• Marcus Theatres Kids Rule Kids Summer Film Series – June 21st – August 11th, 2011. Kid-friendly films every Tuesday, Wednesday, and Thursday at 10 AM. $2/person.
    • Marquee Cinemas Kid Summer Movie Program – Marquee Cinemas presents a special selection of family films brought to you each week during the summer at no charge. Check your location for dates and selections.
    • Regal Summer Movie Express – During this 9-week festival, select Regal Cinemas, United Artists and Edwards Theatres will offer selected G or PG rated movies for only a dollar on Tuesdays and Wednesdays at 10:00am.
    • I’m sad to say that the AMC Summer Movie Camp program has been discontinued. Sad smile
  • Libraries – in addition to summer reading programs, your library may have concerts, performances, storytimes, arts and crafts, etc.
  • Museums – though they can be crowded during the summer, museums often offer extra kid-friendly classes, activities, and displays
  • Reading programs – you can read my previous post about summer reading programs for kids
  • Storytimes – most libraries and bookstores will offer storytimes during the week
  • Woodworking programs for kids are free at Lowe’s and Home Depot

Labels: Freebies, High School, Social Studies, Summer Fun, This and That, Wrapping Up Our Week
Posted by Maureen Sklaroff

Tot Time–A Motley Crew of Activities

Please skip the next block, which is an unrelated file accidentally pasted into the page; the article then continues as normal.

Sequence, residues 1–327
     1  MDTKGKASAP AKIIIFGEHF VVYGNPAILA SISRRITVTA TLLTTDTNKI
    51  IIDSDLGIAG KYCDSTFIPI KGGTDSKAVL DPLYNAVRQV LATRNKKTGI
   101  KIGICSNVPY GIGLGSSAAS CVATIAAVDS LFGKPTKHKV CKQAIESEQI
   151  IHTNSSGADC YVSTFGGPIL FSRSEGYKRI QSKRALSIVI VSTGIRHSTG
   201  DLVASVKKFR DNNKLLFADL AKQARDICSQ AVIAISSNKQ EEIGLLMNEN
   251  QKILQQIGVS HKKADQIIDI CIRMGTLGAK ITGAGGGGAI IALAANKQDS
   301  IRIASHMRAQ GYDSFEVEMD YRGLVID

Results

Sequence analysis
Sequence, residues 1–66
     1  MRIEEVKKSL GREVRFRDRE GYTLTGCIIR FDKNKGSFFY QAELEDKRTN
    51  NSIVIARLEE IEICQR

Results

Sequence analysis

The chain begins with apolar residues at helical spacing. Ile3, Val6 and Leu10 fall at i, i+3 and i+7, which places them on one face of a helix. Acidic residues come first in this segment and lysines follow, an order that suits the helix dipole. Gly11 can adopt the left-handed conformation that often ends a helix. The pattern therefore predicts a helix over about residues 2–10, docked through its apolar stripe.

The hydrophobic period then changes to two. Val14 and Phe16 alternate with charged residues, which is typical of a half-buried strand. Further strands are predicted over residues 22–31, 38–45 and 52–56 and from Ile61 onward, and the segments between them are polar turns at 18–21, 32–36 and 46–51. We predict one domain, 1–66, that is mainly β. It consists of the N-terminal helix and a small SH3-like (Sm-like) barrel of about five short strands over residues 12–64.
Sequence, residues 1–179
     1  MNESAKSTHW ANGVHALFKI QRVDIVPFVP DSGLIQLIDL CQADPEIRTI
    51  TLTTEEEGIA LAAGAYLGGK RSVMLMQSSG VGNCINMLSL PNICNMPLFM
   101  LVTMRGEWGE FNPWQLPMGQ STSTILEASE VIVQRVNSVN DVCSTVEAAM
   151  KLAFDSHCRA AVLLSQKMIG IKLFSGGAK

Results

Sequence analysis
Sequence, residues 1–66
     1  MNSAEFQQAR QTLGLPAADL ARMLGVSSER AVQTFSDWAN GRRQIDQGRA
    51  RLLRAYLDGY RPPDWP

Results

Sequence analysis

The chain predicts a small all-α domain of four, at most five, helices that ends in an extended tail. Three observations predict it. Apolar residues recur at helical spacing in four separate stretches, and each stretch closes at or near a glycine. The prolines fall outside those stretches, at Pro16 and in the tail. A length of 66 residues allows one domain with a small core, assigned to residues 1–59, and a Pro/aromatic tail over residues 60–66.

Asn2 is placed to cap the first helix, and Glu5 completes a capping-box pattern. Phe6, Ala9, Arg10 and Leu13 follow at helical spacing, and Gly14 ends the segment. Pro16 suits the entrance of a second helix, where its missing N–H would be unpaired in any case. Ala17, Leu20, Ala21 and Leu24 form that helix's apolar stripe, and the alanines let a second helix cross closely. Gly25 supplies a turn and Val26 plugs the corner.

Dora has been cutting her bottom two-year molars. This has meant that she hasn’t been sleeping well or feeling herself, so her behavior has been just a tad bit off all week. Several nights, I found myself trying to entertain her at midnight, because she couldn’t sleep. As such, it seemed like we explored a much wider variety of activities than usual.

Outside Activities – Last week, I did not blog a weekly wrap-up, because we had spent much of the week at Great Wolf, which is a hotel with an indoor water slide park. Dora was a bit nervous to play in the water at first, but once she warmed up to it, we had to bribe her to get her to leave. She also finished up her Kindermusik class, which she has absolutely loved. So, I signed her up for another mini-session, as well as some summer symphony playdates. Finally, she also started a gym class. I was a bit hesitant about the class at first, for a variety of reasons, but Dora really enjoyed it and has spent much of the week practicing various skills that she learned in the class.

Gross Motor – Dora started riding her bike on her own! She is using training wheels. I had hoped to use a walking/balance bike instead, but she wasn’t having anything to do with that.